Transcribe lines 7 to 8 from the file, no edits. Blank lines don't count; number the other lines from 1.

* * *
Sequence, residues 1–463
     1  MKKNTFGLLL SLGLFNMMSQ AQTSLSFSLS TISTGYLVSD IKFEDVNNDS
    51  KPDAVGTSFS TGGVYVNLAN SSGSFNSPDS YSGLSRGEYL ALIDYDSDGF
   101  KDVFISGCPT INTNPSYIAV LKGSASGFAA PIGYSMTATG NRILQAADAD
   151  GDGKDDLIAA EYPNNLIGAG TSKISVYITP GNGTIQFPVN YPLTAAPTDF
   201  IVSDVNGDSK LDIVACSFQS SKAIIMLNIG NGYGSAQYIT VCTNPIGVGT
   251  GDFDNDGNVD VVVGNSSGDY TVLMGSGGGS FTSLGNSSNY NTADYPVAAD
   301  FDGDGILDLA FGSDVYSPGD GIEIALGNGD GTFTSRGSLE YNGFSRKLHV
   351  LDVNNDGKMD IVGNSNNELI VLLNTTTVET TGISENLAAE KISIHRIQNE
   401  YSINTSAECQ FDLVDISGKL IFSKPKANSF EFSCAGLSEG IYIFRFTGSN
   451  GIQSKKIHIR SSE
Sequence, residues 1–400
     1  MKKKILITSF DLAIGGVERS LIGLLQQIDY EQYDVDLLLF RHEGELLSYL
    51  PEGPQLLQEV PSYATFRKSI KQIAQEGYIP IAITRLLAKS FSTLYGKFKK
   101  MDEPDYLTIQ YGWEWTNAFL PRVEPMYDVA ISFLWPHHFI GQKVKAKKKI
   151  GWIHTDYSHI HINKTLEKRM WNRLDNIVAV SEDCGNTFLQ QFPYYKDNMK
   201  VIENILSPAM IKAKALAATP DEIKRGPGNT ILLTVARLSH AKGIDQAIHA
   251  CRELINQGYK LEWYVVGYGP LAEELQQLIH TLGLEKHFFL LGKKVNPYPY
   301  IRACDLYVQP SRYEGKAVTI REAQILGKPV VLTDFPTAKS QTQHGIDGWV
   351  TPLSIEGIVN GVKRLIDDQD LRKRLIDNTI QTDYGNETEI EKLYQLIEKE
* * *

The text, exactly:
   251  GDFDNDGNVD VVVGNSSGDY TVLMGSGGGS FTSLGNSSNY NTADYPVAAD
   301  FDGDGILDLA FGSDVYSPGD GIEIALGNGD GTFTSRGSLE YNGFSRKLHV